Under section 296 of the Act (FCA's4 power to give directions)5 and (for RAPs) under regulation 3 of the RAP regulations,6 the FCA4 has the power to give directions to a recognised body to take specified steps 1in order to secure its compliance with the recognised body requirements. In the case of a UK RIE (including one which operates a RAP)65those steps may include granting the FCA4 access to the UK RIE's premises for the purposes of inspecting those premises or any documents
The FCA4 is likely to exercise its power under section 296 of the Act or regulation 3 of the RAP regulations65if it considers that:43(1) there has been, or was likely to be, a failure to satisfy one or more of the recognised body requirements31which has serious consequences; (2) compliance with the direction would ensure that 1one or more of the recognised body requirements is3 satisfied; and(3) the recognised body is capable of complying with the direction.
The FCA3 would be likely to consider the conditions in REC 4.7.3 G (2) or REC 4.7.3 G (3) to be triggered1in the following circumstances:31(1) the recognised body appears not to have the resources or management to be able to organise its affairs so as to satisfy one or more of the recognised body requirements; or212(2) the recognised body does not appear to be willing to satisfy one or more of the recognised body requirements; or212(3) the recognised body is failing or has failed
In addition to the relevant 1factors set out in REC 4.7.4 G, the FCA3 will usually consider that it would not be able to secure an ROIE's3 compliance with the recognition requirements or other obligations in or under the Act by means of a direction under section 296 of the Act, if it appears to the FCA3 that the ROIE3 is prevented by any change in the legal framework or supervisory arrangements to which it is subject in its home territory from complying with the recognition requirements
Authorised fund managers6 are advised that when they applied for authorisation from the FCA under the Act, their ability to comply with the requirements in COLL 6.12.7 R would have been assessed by the FCA as an aspect of their fitness and properness in determining whether the threshold conditions set out in Schedule 6 (Threshold conditions) of the Act were met. Firms are further advised that their compliance with these requirements is subject to review by the FCA on an ongoing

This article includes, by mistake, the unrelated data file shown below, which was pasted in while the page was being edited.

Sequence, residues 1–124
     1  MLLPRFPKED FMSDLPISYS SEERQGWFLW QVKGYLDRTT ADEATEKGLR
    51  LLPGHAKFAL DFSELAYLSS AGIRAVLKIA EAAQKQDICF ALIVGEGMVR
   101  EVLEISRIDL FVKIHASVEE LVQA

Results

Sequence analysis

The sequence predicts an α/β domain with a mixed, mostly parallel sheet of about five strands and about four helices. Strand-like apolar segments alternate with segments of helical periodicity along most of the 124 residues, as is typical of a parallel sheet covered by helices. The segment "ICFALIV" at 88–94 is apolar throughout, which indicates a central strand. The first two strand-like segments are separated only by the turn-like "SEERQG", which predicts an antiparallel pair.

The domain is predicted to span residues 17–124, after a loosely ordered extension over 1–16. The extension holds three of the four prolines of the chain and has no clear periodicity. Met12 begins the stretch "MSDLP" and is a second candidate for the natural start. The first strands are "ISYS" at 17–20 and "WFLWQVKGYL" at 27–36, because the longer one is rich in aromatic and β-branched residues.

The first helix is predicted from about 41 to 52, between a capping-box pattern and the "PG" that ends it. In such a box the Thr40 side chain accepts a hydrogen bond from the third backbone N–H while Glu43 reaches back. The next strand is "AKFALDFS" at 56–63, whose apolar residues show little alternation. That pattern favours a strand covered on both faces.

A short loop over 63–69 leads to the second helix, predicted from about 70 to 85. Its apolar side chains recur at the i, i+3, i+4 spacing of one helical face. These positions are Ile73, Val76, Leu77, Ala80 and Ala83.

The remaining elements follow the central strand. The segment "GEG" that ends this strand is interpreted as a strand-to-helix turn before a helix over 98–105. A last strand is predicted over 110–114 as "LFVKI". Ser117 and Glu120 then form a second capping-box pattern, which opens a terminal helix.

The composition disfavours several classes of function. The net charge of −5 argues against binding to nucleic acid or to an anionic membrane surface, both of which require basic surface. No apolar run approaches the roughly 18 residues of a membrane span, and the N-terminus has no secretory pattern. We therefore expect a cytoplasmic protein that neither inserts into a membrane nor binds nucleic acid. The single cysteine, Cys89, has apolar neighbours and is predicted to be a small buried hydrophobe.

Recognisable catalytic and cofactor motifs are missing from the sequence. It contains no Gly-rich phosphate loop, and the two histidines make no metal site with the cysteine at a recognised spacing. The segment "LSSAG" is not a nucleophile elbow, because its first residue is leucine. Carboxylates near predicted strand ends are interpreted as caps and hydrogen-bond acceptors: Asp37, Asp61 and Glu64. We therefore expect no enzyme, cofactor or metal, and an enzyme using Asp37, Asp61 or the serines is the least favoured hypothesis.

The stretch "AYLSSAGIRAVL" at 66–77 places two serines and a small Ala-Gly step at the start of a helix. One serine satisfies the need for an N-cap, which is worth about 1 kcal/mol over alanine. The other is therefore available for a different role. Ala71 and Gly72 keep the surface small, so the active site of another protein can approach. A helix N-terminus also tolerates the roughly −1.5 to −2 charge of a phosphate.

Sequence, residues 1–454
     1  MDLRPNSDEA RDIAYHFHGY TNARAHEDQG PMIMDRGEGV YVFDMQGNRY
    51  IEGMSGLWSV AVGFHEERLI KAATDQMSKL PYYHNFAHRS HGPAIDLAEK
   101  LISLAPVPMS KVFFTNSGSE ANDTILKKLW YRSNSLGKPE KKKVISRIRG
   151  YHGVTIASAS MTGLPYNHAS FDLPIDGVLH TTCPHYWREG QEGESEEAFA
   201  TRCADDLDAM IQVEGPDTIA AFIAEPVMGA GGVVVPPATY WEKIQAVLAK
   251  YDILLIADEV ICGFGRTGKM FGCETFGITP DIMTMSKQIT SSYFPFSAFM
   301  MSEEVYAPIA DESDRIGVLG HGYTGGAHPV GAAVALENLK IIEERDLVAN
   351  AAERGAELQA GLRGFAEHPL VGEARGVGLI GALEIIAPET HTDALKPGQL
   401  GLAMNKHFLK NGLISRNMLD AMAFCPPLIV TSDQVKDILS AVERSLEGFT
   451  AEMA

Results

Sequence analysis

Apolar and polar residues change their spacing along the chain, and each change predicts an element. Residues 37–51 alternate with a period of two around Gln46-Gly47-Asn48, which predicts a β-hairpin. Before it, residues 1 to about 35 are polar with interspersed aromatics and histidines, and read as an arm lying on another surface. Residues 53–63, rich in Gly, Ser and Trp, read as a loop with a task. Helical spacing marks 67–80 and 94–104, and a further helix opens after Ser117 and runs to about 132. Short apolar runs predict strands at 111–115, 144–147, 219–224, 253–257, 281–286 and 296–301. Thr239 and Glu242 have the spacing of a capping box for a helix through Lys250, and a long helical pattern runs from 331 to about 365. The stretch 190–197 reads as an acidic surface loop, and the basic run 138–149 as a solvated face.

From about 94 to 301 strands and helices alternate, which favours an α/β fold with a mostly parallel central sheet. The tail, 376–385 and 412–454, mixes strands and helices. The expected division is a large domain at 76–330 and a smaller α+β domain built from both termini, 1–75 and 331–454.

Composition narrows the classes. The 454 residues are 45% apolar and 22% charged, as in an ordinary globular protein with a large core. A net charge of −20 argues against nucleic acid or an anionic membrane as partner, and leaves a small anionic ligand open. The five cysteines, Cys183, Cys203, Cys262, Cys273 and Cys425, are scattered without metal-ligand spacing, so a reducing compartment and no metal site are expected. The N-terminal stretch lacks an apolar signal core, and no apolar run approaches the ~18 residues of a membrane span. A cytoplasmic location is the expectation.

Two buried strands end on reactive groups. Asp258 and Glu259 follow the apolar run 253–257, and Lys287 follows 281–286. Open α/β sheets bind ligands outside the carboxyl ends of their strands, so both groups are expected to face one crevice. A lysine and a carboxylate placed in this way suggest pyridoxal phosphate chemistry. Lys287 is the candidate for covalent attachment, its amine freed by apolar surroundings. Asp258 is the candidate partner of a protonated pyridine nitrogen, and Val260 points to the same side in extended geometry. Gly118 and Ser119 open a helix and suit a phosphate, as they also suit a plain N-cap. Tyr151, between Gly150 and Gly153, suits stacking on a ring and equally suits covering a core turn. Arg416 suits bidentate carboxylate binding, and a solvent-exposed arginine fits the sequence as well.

A listed company that is not already required to comply with the obligations referred to under article 17 of the Market Abuse Regulation12 must comply with those obligations12 as if it were an issuer for the purposes of the disclosure requirements12 and transparency rules subject to article 22 of the Market Abuse Regulation12.1
1The rights and duties of auditors are set out in SUP 3.8 (Rights and duties of all auditors) and SUP 3.10 (Duties of auditors: notification and report on client assets). SUP 3.8.10 G also refers to the auditor's statutory duty to report certain matters to the FCA imposed by regulations made by the Treasury under sections 342(5) and 343(5) of the Act (information given by auditor or actuary to a regulator). An auditor should bear these rights and duties in mind when carrying out
If the CAD 1 model ceases to meet the requirements of the waiver, the firm should notify the appropriate regulator at once. The appropriate regulator may then revoke the waiver unless it is varied in accordance with section 138A of the Act. If the CAD 1 model waiver contains conditions it is a condition of using the CAD 1 model approach that the firm should continue to comply with those conditions.
A person may need to ask the FCA for individual guidance on how the rules and general guidance in the Handbook, the Act or other regulatory requirements apply in their particular circumstances. This chapter describes how a person may do this. Section 139A of the Act gives the FCA the power to give guidance consisting of such information and advice as it considers appropriate.